The United Nations Security Council held an emergency meeting Sunday in response to the test launching of a long-range missile by North Korea earlier in the day. While Japan and the United States were reportedly pressing for a new resolution, that initiative faced opposition from China and Russia, both of which have veto power.
The session ended without any action being taken, except for an agreement “to continue consultations on the appropriate reaction by the council in accordance with its responsibilities given the urgency of the matter,” said Claude Heller, the UN ambassador from Mexico, who is president of the council this month.
The three-stage missile was launched from a North Korean base on the country’s east coast. Its first-stage booster rocket fired successfully and then fell harmlessly into the Sea of Japan. That fact alone marks the test as an advance over a previous effort in 2006, when the Taeopodong-2 missile exploded shortly after launch.
The second stage propelled the missile and its payload over Japanese airspace, but reportedly malfunctioned and plunged into the Pacific Ocean about 400 miles short of the landing zone projected by North Korean officials in their pre-launch warnings to shipping traffic.
It is not clear whether the third stage, required to boost a payload into orbit, ever ignited before it too plunged into the ocean, more than 1,500 miles east of Japan.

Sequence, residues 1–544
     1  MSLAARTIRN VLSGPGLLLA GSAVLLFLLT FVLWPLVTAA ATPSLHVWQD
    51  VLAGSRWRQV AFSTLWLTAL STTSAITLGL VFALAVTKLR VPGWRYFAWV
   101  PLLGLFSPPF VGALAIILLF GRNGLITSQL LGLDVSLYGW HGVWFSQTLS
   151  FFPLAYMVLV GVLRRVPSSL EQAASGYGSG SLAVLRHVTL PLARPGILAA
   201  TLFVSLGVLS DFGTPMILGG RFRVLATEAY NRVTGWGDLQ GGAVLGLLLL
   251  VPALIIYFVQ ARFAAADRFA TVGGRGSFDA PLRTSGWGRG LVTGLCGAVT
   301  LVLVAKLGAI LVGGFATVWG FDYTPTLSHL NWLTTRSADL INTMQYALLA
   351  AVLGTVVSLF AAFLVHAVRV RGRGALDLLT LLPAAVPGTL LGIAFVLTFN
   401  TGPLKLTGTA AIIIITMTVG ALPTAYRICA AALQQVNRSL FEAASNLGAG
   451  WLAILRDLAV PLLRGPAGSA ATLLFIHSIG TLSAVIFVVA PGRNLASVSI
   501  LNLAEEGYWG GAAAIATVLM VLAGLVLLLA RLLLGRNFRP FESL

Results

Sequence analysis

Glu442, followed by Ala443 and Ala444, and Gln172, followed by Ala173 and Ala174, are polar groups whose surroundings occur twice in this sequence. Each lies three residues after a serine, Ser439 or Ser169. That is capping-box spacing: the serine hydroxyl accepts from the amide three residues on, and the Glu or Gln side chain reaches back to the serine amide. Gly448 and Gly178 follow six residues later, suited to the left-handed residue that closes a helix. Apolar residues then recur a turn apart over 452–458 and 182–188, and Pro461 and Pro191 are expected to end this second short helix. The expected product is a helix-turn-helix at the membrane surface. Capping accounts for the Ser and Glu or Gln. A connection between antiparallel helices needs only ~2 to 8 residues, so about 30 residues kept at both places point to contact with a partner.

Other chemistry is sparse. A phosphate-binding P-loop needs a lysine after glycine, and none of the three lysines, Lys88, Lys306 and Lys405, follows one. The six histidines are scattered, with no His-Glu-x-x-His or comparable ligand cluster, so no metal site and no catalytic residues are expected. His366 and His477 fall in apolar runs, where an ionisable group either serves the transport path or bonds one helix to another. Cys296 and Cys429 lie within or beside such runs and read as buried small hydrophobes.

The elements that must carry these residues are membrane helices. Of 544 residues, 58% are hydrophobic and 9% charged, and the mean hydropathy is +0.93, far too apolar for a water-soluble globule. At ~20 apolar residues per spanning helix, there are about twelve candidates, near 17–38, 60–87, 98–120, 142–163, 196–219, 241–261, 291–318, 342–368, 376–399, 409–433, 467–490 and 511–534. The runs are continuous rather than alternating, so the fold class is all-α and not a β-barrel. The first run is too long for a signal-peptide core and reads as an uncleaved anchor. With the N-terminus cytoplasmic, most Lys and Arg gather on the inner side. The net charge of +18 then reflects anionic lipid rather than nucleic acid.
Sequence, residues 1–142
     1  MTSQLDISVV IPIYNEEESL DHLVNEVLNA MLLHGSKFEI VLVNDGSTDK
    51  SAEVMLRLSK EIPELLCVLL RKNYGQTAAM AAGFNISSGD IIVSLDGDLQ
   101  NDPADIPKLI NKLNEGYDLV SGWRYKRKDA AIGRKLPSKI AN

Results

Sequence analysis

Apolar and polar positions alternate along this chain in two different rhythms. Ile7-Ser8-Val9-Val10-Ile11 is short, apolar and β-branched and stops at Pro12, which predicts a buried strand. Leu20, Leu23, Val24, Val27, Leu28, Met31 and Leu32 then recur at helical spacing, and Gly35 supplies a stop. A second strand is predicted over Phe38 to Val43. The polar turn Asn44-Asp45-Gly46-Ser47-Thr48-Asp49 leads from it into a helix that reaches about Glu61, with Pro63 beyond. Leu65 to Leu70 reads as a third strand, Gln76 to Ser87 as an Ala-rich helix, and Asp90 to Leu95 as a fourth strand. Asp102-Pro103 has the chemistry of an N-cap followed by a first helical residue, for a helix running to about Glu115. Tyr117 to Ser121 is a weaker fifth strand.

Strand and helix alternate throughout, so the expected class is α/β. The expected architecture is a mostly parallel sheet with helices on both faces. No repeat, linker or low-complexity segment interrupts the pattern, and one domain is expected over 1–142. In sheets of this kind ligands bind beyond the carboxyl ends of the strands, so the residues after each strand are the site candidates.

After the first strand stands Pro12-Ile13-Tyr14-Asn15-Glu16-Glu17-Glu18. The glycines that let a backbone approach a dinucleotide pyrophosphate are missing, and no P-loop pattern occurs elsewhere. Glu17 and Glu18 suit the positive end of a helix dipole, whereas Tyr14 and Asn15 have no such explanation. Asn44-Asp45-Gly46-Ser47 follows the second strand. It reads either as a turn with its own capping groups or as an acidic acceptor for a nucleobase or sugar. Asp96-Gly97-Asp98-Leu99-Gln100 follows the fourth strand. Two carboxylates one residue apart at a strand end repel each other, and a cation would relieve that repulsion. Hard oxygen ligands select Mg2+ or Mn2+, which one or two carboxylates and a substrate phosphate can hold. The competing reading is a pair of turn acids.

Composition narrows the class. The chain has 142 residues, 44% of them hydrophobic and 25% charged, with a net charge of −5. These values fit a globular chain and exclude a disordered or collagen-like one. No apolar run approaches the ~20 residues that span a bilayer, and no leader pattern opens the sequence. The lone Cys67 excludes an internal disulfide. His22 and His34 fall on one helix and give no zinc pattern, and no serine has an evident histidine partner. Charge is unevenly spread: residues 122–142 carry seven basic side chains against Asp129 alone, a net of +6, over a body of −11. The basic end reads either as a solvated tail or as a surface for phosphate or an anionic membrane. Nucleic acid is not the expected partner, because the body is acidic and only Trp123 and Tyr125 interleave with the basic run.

North Korean broadcasts described the missile launching as a complete success and claimed that the Taepodong-2 missile, the country’s most advanced, had placed a communications satellite in orbit. But there was no evidence of the existence of the new satellite, which was said to be broadcasting patriotic Korean music.
Western scientists familiar with the design of the missile said before the launch that the payload appeared to be a satellite weighing from 300 to 800 pounds. This would not be a violation of UN Security Council resolution 1718, passed in 2006 after a failed rocket test launch by the regime in Pyongyang. That resolution banned testing of offensive missiles, but not a missile launching to put a satellite in orbit.
Japanese and US government sources have claimed that the missile, whatever its payload, is being tested as a potential delivery vehicle for a nuclear warhead, one that could reach Alaska, Hawaii or even the West Coast of the continental United States. Such a missile, with a payload of at least a ton (and heat-shielding for re-entry into the atmosphere from orbit), would have to be far larger and more sophisticated than anything North Korea has so far demonstrated.
The Obama administration, Japan, South Korea and the European Union (EU) all issued statements of condemnation of the missile launch. A joint US-EU statement, prepared before the launch, declared: “North Korea's development of a ballistic missile capability, regardless of the stated purpose of this launch, is aimed at providing it with the ability to threaten countries near and far with weapons of mass destruction.”
President Obama was reportedly awakened by his staff early Sunday morning in Prague, capital of the Czech Republic, for consultations with US officials including Defense Secretary Robert Gates, National Security Adviser James Jones and General James Cartwright, the vice chairman of the Joint Chiefs of Staff.
Obama incorporated an attack on the North Korean regime into the speech he delivered in Prague later that day on the subject of nuclear proliferation. He called the missile launch a “provocative act” and said that Pyongyang has “further isolated itself from the community of nations.”